The need for the change is due to a shortage of shuttle buses and because some buses are consistently late picking up students at several of the secondary schools. There were several possible solutions, including hiring a significant number of new bus drivers, spreading the day out further from start to finish, or moving elementary schools to the second wave of buses.
“It was felt that neither of the first two choices listed were feasible,” Hartzler stated, “especially considering the severe shortage of bus drivers.”
One of the primary reasons for the change was to decrease the amount of wait time after school for the middle school students creating a more controlled and safer environment. There was also a desire to separate the sixth and seventh grade arrival and departure times due to current overlapping of buses and traffic issues.
The change in school hours will allow the district to continue to provide the current number of shuttles scheduled throughout the school day. The proposed schedule meets the request to have 7th and 8th grade on the same wave and before the High School and Freshman Academy. It also keeps the High School and Freshman Academy on the same wave. The new times also reduce the overall length of the school day, and the sixth graders will get out of school 10 minutes earlier than the current schedule.
Ken Kinnear Named Board President
As part of its annual reorganization, Ken Kinnear was elected president of the Union Public Schools Board of Education.
Heather McAdams was elected vice president; Stacey Roemerman as clerk; Joey Reyes as deputy clerk. Newly re-elected Dr. Chris McNeil also serves as a Board member.
Board Approves Purchase of 79 Interactive Panels
Board members approved spending up to $174,899 for 79 new interactive panels from Trafera, LLC.
Throughout the district, teachers rely on these panels to demonstrate instruction on a large electronic display board. Many teachers are using equipment that is at least 10 to 15 years old. This old infrastructure has become very difficult to support and for teachers to trust it will work every day, according to Todd Borland, executive director of Information Technology.
This purchase will provide 28 65-inch and 51 75-inch Newline interactive panels. The panels will be distributed throughout the district.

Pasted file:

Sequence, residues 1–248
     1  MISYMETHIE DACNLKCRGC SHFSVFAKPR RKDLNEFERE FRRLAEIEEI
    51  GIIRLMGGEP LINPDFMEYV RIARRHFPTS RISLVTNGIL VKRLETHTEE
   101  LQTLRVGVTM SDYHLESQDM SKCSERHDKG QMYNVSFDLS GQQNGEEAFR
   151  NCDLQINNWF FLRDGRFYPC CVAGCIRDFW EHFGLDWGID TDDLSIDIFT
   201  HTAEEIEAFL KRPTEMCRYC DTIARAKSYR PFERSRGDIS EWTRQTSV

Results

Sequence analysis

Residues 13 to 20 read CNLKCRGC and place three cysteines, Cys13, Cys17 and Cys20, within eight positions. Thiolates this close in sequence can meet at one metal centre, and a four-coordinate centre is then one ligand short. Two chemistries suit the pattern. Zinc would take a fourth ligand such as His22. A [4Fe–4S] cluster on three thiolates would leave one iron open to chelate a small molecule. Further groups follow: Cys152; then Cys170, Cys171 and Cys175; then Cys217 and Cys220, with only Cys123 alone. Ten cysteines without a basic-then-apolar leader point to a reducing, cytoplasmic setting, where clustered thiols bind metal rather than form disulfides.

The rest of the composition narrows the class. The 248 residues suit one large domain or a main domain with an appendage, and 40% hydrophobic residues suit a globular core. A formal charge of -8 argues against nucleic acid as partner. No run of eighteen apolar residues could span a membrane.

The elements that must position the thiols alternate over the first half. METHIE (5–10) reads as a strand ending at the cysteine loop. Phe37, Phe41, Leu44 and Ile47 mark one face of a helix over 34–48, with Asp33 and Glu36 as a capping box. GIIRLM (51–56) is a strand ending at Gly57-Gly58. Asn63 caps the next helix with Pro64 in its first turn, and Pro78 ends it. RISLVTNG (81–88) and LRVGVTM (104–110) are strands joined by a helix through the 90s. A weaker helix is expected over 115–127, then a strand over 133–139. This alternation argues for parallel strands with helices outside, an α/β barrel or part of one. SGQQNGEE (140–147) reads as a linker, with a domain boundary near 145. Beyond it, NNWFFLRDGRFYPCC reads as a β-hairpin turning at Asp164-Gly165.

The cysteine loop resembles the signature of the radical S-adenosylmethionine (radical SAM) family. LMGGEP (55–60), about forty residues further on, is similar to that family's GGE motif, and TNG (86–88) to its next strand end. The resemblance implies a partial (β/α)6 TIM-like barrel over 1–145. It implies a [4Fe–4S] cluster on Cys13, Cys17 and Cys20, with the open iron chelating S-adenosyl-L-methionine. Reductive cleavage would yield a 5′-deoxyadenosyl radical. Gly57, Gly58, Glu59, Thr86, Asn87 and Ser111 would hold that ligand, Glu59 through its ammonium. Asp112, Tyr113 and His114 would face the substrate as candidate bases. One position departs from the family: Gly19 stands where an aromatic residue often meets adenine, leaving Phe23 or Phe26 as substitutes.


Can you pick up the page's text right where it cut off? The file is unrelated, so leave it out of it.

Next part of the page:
In other action, the Board:
Renewed an agreement of the Incident IQ Platform with IQ Assets for a cost of $86,441 and a purchase of Incident IQ Ticketing for $35,586, for a total purchase price of $122,027. It is imperative that Technology maintain the ability to electronically assign assets individually, Borland stated. Incident IQ allows for quick access to check in and check out devices from a scanner or a mobile device. Almost all technology assets are currently stored in our version of Incident IQ that allows the Technology department to quickly identify the location of all assets and to assign individuals to the asset if appropriate.
This purchase will also allow Technology to migrate the district’s Help Desk system to the Incident IQ platform, Borland continued. The integration with the ticketing product and the asset management product will allow us to track history of repairs, assign work orders for actual assets, and other valuable integrations. The ticketing solution will run on a mobile device so technicians can easily carry an iPod touch to enter work orders and track progress.
Approved a contract with ESS South Central, LLC., to become Union's provider of daily substitutes for the 2022-2023 school year. “We have struggled to maintain enough substitutes to cover our open classrooms,” said Jay Loegering, executive director of Human Resources. ESS is a dedicated service provider for substitutes, and offers them weekly pay, benefits, and quicker turnaround on hiring, as well as positions at other districts if Union’s opportunities are filled. ESS has shown the ability to staff at high levels with local districts as well as larger districts in nearby states.
The fee for ESS's services will be a mark-up of just over 30% on our substitute daily rates, however the district saves on payroll taxes, workers compensation and ACA tracking, as these substitutes are employees of ESS and not of Union Public Schools. The total cost to the district is estimated to be 5 percent higher than what our expenses are currently, Loegering said.
Updated its attendance policy to allow for any COVID-19 related absences to be considered a significant medical condition.
Approved the purchase of a district plan from TalkingPoints – a text phone messaging service – for three years for $114,750. Union’s current contract with Remind101 is set to expire. TalkingPoints provides teacher/administration/parent communication through text message or the TalkingPoints app. The service provides superior translation services, so all parties receive all messages in their preferred language. The service does not reveal cell phone numbers and parents can choose to opt in or out of receiving messages.
Approved the purchase of Nearpod’s online engagement software for two years for $140,784. Nearpod's online student engagement platform provides an interactive lesson delivery that can be used both in-person or during distance learning. This engagement platform integrates directly into Union's Canvas program and provides a library of editable lessons and video content. This purchase includes English Learner content that is being used with EL students grades 6-12. The purchase includes professional development consultation.